By Hillel Aron
By Joseph Tsidulko
By Patrick Range McDonald
By David Futch
By Hillel Aron
By Dennis Romero
By Jill Stewart
By Dennis Romero
But Bush can run to the left of Dole in ’96 or his dad in ’92 without risking the wrath of the GOP right. He is the beneficiary of conservative exhaustion. Since the twin debacles of the government shutdown and the impeachment wars, the right has been in retreat — its economic agenda of the past 20 years largely realized, its anti-statist offensive largely abandoned, its social agenda now recognized as largely unrealizable.
Ideology is in decline, and Republicans are so hungry for a winner that they are beginning to read contradictory meanings into Dub’s deliberately vague formulations. Last week in California, Bush said that he was "against the spirit of [the anti-immigrant Proposition] 187 for my state" and said of Proposition 209, which ended state affirmative action, that he supported "the spirit of no quotas, no preferences," while emphasizing how important it was to keep open the doors of opportunity for all races. And yet, during last week’s trip, he won the support of 209 author Ward Connerly, who heard in Bush’s evasions an affirmation of the 209 position, even as Bush was doing everything he could to distance himself from that particular cause. This is the mark of a successful campaign: The last presidential candidate I’ve seen who could pick up supporters on both sides of a hot issue was Bill Clinton in 1992.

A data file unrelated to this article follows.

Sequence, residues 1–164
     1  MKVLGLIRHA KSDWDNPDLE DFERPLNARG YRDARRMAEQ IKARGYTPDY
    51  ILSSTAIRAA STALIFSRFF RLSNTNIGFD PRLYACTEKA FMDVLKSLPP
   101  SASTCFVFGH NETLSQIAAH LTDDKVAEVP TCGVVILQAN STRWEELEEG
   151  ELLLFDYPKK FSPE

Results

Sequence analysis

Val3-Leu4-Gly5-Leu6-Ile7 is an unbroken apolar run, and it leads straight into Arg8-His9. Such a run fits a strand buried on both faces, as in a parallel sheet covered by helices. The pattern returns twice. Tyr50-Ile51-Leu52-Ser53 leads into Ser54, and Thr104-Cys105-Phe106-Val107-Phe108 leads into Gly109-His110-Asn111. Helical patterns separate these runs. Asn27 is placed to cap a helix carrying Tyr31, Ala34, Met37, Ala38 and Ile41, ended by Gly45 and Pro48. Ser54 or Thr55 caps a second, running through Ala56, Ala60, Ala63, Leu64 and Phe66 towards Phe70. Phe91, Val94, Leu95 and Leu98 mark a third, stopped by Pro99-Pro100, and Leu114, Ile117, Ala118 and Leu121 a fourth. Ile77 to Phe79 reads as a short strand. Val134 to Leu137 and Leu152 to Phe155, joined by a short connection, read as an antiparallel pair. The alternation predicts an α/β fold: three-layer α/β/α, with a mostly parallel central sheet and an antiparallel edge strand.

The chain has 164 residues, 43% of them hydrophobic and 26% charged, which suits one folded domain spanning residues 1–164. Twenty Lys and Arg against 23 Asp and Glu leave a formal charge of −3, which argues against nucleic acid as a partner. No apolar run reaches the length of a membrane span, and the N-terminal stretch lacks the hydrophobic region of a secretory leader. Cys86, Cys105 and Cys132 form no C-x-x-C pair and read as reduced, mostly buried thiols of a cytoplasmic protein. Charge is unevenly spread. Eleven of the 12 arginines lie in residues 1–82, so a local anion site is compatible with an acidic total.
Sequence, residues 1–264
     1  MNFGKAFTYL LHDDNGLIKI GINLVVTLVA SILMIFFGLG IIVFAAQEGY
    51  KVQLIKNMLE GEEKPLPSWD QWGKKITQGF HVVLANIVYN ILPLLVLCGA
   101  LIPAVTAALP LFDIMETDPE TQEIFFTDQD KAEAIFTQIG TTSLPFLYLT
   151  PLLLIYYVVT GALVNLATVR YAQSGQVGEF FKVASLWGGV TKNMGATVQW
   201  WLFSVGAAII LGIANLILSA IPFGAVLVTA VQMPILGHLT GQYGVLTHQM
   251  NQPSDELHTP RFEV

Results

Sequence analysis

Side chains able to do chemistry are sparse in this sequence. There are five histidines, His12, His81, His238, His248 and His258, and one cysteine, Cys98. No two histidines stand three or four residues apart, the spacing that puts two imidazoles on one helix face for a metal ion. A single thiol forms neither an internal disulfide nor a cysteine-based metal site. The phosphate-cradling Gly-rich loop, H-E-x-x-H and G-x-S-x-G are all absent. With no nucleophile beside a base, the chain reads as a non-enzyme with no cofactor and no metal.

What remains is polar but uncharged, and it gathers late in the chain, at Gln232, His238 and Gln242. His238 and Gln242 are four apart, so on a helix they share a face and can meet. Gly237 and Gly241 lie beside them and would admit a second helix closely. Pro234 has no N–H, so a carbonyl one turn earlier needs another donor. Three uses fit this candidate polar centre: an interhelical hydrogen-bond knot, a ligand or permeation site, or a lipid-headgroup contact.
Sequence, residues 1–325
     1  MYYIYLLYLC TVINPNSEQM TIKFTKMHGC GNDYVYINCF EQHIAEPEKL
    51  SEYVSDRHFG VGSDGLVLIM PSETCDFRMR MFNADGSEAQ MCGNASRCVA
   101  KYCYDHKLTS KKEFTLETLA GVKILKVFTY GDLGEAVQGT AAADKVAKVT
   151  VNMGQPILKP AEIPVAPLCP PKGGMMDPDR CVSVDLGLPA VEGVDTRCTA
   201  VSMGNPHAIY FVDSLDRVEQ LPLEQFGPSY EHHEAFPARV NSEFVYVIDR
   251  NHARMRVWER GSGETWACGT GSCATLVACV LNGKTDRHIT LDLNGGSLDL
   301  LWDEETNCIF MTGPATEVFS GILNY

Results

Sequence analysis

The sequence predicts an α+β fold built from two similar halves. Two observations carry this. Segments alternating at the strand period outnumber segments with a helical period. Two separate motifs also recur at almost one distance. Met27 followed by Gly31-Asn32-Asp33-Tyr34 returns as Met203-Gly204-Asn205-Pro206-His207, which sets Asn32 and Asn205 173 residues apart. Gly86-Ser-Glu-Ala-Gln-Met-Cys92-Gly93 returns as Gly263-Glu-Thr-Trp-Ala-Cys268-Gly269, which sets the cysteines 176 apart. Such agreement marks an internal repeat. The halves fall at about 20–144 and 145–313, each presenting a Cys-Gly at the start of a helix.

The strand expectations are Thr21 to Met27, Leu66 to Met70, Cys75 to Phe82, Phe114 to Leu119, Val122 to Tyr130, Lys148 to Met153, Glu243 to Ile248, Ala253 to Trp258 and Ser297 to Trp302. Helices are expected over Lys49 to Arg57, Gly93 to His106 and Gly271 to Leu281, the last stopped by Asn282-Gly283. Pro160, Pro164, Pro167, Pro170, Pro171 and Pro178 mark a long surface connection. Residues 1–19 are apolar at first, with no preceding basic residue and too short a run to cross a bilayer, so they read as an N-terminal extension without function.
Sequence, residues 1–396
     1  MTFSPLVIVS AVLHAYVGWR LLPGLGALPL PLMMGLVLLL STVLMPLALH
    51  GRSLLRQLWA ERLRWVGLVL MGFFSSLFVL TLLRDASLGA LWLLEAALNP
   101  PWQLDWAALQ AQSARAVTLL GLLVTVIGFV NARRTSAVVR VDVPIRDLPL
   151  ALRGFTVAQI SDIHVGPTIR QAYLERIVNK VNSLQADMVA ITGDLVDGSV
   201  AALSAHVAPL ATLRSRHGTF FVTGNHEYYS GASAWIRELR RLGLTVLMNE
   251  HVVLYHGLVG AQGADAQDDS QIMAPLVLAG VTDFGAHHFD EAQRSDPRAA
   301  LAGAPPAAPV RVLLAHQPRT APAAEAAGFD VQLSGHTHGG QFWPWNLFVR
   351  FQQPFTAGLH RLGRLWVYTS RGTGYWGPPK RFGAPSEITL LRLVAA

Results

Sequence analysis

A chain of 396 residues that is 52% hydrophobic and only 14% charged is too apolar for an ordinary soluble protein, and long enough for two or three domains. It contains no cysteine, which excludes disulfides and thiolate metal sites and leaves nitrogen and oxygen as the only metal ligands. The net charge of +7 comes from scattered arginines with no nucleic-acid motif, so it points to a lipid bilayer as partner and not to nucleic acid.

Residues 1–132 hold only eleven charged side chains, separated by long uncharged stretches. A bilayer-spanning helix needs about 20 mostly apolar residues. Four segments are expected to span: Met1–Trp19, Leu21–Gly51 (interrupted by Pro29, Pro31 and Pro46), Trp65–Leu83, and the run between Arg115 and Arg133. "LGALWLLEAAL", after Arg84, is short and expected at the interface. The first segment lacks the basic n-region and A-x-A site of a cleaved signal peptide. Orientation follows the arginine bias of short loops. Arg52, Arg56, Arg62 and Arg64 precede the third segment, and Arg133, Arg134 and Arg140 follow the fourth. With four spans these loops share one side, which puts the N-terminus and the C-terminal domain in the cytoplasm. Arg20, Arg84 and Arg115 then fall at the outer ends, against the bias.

But Bush has got a long way to go before he can be acclaimed — in electoral terms — as the GOP’s Clinton. For one thing, Clinton ran in ’92 only after painstakingly neutralizing all the GOP’s traditional wedge issues: He favored the death penalty, he opposed welfare, he attacked Jesse Jackson. Bush comes to the campaign with a record of opposition to gun control and abortion rights, two issues on which the Democrats are sure to clobber him in California and in swing counties around the nation.
Second, Clinton was a phenomenal campaigner — able to connect with virtually any audience on both a political and a visceral level. Bush may be a remarkable magnet for campaign cash, but there’s nothing special about his appearance on the hustings. At his fund-raiser at the Century Plaza last week, he entered the room and proceeded to go table to table, greeting his donors. After thanking 2,300 guests for shelling out a cool $2.3 million, however, he arrived at the podium exhausted, and labored through a stale, flat and weary recitation of a stump speech that, like his campaign, is only 1 month old. At minimum, the candidate’s manners are stepping on the candidate’s message.
More fundamentally, George W. Bush is the best-funded pig in a poke in the history of American politics. He has run for and held just one public office, and that during a time of exceptional prosperity. He boasts a reputation for being able to work with Texas Democrats, and poll ratings as high as they are likely to be ephemeral. On the downside, the policy advisers surrounding him are disproportionately those who oversaw the economic and foreign policies of his father: that is, recession at home and the descent-into-chaos of the former USSR and Yugoslavia abroad. His record of navigating rough political or governmental waters is all but nonexistent. Even more than the buyers of Internet stocks, the thousands of Republicans investing in Dub had better pray this particular bubble doesn’t burst.